There are never going to be zero health risks from eating market or street food in Southeast Asia but then there’s never a zero risk anywhere. (One of our customers ended up in hospital with food poisoning after dining at a 5* Hotel in Bangkok !)
However there are a few precautions to take and factors to bear in mind that will minimise the risks. Rule number one – a noodle soup in Chiang Mai Night Bazaar or a noodle soup in a remote Lao village market may look the same but they aren’t necessarily prepared the same way or with the same ingredients and so do consider where you are, there can be big differences from one place to another. Southeast Asian countries fall roughly into the following categories: Thailand and Malaysia are generally ok – can eat pretty much anywhere, Vietnam be a bit more careful, Laos and Burma considerably more careful and Cambodia – very careful. In other words Thai and Malaysian food-stalls and markets usually have reasonable hygiene levels and access to electricity and water; Vietnamese, Lao and Burmese ones may well have conceptions of hygiene and cleanliness but not always the facilities, whilst Cambodian often lack most facilities, access to decent quality ingredients and are frequently oblivious to ‘Western’ hygiene concepts.
Furthermore it also depends a lot on which particular town or specific market you’re eating in. The multitude of street stalls, obviously catering to tourists, in central Siem Reap are a different proposition to Psa Tuol Stomachpump in the suburbs of Phnom Penh. Poisoning customers is never good for business and the problem with the latter is that they are simply not used to catering for Westerners with their more delicate stomachs. Thais and Malays probably don’t have such cast iron digestive systems these days as the Khmers either and are fussier about eating somewhere ‘clean’ so, as a general rule, any street stall popular with locals in those 2 countries would be a reasonably safe bet whereas, when in Laos or Cambodia best stick to ones that tourists frequent and that are thus used to serving foreigners.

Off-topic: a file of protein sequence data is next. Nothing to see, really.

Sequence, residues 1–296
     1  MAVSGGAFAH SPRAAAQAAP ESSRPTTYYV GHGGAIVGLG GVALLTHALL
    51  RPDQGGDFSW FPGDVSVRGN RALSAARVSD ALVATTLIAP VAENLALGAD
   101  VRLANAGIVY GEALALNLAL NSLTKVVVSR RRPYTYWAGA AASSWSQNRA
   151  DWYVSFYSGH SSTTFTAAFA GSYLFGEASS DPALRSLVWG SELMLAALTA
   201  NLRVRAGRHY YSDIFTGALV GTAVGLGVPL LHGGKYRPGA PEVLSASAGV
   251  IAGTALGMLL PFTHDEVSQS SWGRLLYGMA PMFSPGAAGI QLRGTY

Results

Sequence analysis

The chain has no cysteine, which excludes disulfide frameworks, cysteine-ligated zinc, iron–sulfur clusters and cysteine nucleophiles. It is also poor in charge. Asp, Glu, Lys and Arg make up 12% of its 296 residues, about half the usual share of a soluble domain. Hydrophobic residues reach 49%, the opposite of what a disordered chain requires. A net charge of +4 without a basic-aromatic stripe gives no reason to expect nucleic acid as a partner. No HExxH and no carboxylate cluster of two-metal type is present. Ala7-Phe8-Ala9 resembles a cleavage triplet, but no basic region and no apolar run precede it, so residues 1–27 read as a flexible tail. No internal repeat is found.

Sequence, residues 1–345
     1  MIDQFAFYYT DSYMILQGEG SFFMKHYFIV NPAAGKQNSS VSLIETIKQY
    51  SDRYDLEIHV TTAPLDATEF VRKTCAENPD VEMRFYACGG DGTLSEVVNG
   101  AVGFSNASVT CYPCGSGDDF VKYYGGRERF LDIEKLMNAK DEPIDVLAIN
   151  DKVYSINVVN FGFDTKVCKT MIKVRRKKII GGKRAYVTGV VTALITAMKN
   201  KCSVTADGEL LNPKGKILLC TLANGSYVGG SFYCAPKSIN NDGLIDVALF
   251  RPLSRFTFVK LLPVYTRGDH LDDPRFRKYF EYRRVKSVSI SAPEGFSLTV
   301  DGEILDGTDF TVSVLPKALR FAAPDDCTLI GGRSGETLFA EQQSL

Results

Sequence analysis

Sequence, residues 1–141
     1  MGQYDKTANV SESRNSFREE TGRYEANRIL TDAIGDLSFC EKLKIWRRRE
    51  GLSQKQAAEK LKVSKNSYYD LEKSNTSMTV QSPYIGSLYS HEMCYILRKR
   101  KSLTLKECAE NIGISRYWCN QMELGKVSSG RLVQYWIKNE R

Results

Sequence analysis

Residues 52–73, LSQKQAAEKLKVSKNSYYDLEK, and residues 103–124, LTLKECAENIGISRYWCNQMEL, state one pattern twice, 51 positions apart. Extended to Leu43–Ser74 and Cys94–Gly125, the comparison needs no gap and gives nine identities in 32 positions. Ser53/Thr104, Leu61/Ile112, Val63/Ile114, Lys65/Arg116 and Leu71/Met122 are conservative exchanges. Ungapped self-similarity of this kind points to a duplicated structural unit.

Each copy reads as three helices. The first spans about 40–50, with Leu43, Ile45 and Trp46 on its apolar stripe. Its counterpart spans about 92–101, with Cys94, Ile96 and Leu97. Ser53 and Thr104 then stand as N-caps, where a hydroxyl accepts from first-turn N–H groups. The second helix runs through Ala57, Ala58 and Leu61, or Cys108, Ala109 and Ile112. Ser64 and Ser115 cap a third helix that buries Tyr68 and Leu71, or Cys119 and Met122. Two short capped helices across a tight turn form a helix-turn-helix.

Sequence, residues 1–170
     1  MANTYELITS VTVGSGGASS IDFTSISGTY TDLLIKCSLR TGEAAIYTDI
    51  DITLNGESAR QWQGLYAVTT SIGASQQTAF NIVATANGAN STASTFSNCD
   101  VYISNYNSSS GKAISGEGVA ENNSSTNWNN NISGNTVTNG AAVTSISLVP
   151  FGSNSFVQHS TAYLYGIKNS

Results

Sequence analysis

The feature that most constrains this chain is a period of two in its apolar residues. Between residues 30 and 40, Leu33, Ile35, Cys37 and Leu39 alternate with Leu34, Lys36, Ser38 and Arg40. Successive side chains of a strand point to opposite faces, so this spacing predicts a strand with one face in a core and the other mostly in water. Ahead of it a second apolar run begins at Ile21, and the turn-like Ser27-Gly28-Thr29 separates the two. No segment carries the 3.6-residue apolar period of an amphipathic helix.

Stick also to what the locals are eating and what the stalls are used to preparing and take particular care in ‘danger areas’ such as seafood or local attempts at Western food. (Fish may well be freshwater but if in doubt forget it whilst though most prawns these days are freshwater ones from prawn farms most prawn farms are typically located on the coast so a long way from Mae Hong Son or Sapa for example.) If you do order meat make sure it’s well cooked and the stir fry wasn’t too brief and when your meat is dipped into stock for a noodle soup make sure it was dipped in long enough! Be especially careful in the hot season when products go off quickly.
When it comes to pre-prepared food popular in food halls and some markets you’re probably fine in the mornings but by the evening it may have been sitting there a long time so keep to the cooked to order dishes.
Anyway as we say some of the best local food can be found in markets and street stalls so go ahead but just use your common sense and if in doubt, don’t take any risks and above all bear in mind if it’s fine/dodgy in one spot doesn’t mean it’ll be the same in other parts of the region!